Dr. Abdul Latif noted that FRIM was also involved in studying the feasibility of various innovative and conventional cultivation techniques for high risk areas, apart from researching on the suitability of the soil, various tree diseases and production of saplings.

"In high risk areas, researchers and local residents planted 10,104 trees along the coast from 2007 to 2010, using the innovative technique," he said.

The locations selected for this included Kampung Sungai Haji Dorani and Pulau Carey in Selangor, Kuala Gula in Perak, Kuala Sanglang (Perlis) and Kuala Muda in Pulau Pinang.

"The study shows that planting mangrove saplings using the Comp-Mat and Comp-Pillow techniques is effective in the high risk muddy coast, provided the planting is supported by wave-breaking structures known as the geotube. Without the innovative technique and geotube support, the tree planting will not be successful, due to factors such as big waves, soft soil, erosion and others," Dr Abdul Latif said.

He noted that a survey found that 76 per cent of 578 respondents were keen on being involved in planting trees along the coast.

This shows that there is an increased awareness among the society on the importance of having coastal swamp forests as a protection against strong wind and erosion.

This is the second in the series of two features on research of coastal forests.


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Controversial dolphin study goes ahead

China Daily 21 Sep 11;

Ocean Park is pressing ahead with controversial research into bottlenose dolphin populations in and around the Solomon Islands, but insists it will not capture wild mammals from the area.

Animal welfare groups were outraged last year when it emerged that the park had entered discussions with the Solomon Islands government about funding a dolphin population survey with a view to importing wild-caught dolphins if the population was found to be sustainable.

The park agreed to fund a $100,000 study and is said to have discussed importing around 25 bottlenose dolphins from the Solomon Islands depending on the findings.

Following an outcry over the project and the subsequent controversy over the proposed import of beluga whales from Russia, Ocean Park Chairman Allan Zeman confirmed that the park was no longer considering importing dolphins from the Solomon Islands.

However, in response to questions from the China Daily, Ocean Park's public affairs director, Una Lau, said a population study would go ahead even though she said the park had no intention to import from the Solomon Islands either now or in future.

She said: "Ocean Park is still committed to assist with the understanding about the bottlenose dolphin population, not only in the Solomon Islands, but elsewhere in the Western Tropical Pacific and South East Asia in order to support the conservation of this species.

"This region is also known for its tuna fisheries, where dolphins are still a significant by-catch. In addition, these coastal habitats are changing rapidly with over exploitation and urban development, due to human population growth and potentially due to climate change.

"With little or no data about the bottlenose dolphin species and populations in many of these areas within the region, it is important to gather information upon which marine conservation action plans can be built."

The study will be conducted by Leszek Karczmarski of the Swire Institute of Marine Science and Associate Professor at Hong Kong University, she said, and evaluated by independent marine mammal experts.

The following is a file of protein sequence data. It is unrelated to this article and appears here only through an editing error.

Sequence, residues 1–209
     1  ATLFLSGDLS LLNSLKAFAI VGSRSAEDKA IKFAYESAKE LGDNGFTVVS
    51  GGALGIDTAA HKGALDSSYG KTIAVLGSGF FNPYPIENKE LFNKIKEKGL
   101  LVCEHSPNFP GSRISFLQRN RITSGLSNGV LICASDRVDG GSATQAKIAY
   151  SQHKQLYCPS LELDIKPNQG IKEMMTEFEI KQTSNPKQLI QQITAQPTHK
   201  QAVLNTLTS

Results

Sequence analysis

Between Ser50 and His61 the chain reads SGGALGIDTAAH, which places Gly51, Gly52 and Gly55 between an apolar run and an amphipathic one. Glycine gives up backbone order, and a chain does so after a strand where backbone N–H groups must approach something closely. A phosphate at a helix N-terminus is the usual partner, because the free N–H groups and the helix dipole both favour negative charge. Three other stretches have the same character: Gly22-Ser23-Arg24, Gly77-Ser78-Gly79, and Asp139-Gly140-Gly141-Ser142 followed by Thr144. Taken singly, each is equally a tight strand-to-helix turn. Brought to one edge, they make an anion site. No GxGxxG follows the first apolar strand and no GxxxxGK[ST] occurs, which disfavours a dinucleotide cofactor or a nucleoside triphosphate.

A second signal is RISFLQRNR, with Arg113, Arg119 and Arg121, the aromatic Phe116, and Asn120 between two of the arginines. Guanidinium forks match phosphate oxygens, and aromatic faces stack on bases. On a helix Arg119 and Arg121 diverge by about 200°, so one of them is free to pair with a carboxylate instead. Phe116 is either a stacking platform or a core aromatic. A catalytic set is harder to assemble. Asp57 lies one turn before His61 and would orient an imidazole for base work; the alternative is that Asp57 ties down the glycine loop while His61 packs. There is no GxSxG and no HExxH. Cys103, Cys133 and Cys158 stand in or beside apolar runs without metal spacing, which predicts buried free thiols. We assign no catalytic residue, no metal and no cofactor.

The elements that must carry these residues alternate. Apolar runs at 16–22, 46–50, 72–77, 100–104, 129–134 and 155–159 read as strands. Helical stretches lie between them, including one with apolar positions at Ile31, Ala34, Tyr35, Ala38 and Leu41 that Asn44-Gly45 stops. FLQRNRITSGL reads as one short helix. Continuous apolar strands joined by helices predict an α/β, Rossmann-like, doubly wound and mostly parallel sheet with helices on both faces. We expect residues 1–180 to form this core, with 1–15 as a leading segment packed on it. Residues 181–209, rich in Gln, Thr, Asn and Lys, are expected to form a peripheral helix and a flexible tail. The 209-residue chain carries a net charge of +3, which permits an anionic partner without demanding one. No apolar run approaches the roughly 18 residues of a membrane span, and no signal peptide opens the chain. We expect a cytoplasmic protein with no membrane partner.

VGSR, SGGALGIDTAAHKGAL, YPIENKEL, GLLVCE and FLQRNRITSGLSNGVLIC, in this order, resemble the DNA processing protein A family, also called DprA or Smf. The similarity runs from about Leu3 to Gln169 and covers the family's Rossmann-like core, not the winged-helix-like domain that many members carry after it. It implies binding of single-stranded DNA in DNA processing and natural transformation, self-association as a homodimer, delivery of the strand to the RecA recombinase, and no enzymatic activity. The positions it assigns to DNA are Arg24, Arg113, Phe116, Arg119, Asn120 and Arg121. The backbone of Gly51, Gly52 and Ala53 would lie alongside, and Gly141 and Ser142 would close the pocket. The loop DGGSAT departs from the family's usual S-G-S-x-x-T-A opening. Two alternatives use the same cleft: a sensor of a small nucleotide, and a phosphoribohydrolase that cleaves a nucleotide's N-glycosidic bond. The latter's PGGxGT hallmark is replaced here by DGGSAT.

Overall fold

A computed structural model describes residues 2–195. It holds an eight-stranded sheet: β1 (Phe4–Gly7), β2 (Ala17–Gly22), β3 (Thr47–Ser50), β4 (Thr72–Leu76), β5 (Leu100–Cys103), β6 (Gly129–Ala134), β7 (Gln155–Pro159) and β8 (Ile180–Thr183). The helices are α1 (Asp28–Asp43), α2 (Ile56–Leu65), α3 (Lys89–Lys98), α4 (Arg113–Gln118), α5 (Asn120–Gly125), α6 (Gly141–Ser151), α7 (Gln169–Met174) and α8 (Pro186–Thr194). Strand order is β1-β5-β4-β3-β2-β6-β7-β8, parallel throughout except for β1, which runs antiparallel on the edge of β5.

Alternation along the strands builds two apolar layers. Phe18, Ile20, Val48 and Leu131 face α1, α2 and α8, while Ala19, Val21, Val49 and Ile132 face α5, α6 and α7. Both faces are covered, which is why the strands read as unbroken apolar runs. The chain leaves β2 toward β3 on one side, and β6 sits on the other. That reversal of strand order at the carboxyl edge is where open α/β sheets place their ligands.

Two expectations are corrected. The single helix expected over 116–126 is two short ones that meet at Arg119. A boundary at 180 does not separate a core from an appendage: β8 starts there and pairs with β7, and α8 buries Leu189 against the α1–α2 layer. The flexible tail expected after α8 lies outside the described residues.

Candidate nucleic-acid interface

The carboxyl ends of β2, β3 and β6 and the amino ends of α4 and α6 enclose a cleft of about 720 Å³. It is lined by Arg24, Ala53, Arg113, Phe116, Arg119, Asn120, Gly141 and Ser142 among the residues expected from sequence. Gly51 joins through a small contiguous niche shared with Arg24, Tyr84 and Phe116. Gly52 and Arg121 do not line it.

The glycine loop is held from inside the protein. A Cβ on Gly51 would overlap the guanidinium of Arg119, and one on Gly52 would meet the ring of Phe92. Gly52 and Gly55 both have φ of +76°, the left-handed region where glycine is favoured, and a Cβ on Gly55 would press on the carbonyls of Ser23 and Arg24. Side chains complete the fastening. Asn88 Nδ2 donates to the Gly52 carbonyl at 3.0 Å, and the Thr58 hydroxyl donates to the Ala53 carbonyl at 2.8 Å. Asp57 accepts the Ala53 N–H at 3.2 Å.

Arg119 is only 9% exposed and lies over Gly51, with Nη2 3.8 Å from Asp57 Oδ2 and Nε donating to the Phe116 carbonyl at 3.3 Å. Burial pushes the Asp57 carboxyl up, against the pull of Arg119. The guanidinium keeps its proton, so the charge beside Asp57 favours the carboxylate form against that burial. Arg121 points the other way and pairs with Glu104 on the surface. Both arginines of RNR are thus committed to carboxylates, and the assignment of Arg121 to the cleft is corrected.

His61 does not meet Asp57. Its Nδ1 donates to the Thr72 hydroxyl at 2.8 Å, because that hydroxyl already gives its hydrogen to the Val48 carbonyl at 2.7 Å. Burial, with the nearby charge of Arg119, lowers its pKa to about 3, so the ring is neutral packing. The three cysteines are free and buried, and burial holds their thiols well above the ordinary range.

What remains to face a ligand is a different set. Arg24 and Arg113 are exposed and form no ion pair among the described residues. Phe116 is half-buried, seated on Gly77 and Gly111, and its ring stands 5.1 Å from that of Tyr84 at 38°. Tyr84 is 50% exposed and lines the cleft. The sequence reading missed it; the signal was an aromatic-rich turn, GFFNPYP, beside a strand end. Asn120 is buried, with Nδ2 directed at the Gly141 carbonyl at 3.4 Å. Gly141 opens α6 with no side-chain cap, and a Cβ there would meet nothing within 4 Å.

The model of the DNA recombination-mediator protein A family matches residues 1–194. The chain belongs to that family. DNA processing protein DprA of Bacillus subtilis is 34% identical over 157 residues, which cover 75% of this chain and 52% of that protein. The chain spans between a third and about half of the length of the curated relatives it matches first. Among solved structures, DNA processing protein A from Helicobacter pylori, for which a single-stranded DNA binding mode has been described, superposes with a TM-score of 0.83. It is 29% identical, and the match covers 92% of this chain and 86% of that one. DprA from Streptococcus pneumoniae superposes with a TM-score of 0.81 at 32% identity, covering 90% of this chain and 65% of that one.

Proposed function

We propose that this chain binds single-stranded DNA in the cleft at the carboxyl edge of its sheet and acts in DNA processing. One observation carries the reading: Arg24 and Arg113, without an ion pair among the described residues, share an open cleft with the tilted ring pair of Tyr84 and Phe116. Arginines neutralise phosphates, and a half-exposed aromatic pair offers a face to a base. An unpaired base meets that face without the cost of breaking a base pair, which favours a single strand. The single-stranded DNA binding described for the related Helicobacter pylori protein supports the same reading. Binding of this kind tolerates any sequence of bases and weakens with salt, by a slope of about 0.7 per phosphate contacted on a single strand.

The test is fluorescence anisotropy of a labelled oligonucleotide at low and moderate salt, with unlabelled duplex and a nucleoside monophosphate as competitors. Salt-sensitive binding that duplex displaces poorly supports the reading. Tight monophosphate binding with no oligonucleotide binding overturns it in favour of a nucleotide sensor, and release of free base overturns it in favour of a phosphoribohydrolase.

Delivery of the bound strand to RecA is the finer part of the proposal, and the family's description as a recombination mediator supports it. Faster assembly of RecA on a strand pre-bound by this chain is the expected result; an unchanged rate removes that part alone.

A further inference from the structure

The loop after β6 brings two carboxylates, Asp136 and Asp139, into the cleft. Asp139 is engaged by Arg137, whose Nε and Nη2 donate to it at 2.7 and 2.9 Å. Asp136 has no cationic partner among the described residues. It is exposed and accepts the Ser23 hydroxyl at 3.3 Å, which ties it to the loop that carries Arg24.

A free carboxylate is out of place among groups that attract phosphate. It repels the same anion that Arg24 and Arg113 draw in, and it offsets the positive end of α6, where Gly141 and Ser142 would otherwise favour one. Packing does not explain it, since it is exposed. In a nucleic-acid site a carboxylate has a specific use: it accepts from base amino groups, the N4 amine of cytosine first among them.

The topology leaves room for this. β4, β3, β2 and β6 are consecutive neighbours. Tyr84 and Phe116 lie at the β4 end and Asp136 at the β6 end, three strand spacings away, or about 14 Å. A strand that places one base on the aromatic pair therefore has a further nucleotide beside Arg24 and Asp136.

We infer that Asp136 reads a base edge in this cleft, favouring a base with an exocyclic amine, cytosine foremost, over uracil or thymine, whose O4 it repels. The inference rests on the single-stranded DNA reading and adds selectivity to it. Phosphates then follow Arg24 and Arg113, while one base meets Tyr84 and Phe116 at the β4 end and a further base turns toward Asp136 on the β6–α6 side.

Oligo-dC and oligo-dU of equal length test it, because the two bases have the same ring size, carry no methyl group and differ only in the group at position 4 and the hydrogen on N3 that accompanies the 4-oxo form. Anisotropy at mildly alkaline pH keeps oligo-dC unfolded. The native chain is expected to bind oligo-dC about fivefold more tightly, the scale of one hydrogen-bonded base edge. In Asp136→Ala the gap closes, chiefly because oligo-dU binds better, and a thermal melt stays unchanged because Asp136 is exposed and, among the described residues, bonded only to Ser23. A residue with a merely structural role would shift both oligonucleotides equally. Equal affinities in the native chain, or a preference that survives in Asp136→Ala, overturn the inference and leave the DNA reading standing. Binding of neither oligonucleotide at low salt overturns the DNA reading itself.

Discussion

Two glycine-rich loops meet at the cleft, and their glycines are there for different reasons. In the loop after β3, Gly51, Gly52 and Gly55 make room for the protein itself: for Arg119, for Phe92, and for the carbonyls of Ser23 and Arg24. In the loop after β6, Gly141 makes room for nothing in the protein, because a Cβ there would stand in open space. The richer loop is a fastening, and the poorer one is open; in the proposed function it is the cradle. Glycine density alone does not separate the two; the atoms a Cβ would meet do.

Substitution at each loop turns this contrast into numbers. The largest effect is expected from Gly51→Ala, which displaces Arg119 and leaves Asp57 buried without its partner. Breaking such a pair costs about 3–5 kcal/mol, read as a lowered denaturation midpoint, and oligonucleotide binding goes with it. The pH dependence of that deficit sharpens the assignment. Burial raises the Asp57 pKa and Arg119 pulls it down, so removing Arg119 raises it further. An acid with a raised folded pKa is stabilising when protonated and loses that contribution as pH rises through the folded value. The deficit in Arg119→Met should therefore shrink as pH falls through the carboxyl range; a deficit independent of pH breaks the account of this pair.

However, Lau insisted: "We have no intention of collecting and are simply fulfilling our conservation mandate, which begins with good assessment of population status and conservation ecology research."

The Solomon Islands part of the project had not yet begun, as a new government was still settling in, Lau said. The governments of several island states and other countries would also be approached for cooperation.

Samuel Hung, chairman of the Hong Kong Dolphin Conservation Society, said: "I am encouraged to learn that population studies on dolphins in Solomon Islands are still going ahead by Ocean Park. But I am concerned about the motive behind it.

"I have to stress once again that I am against any import of bottlenose dolphins to Ocean Park from a wild stock, and I hope that the intention of funding such study by Ocean Park is not to pave the way for future acquisition, but just simply to conserve the wild population of bottlenose dolphins in the Solomon Islands."

Currently, a debate is raging in the Solomon Islands over the proposed export of 25 bottlenose dolphins to an undisclosed location on the mainland, which has reportedly already been approved by the government.

Hung said: "It is very important that these dolphins will not go to the mainland in the first place, and more importantly will not end up in Ocean Park through so-called animal laundering.

"I certainly hope that Ocean Park will not have any tie to these mainland aquariums and get a hand on their dolphins, either through direct purchase, indirect loan, or collecting semen from these dolphins for future captive breeding program.

"This would further encourage other aquariums to purchase more bottlenose dolphins from the Solomon Islands and in that region. And as a leader in the industry in this region, Ocean Park should exert their influence and try to persuade their peers on the mainland not to import those dolphins, until their own sustainability study is being conducted by independent scientist."

Asked about the export of dolphins to the mainland, Lau insisted: "Ocean Park has no connection nor stake either directly or indirectly with this export."

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Captive Breeding Could Transform the Saltwater Aquarium Trade and Save Coral Reefs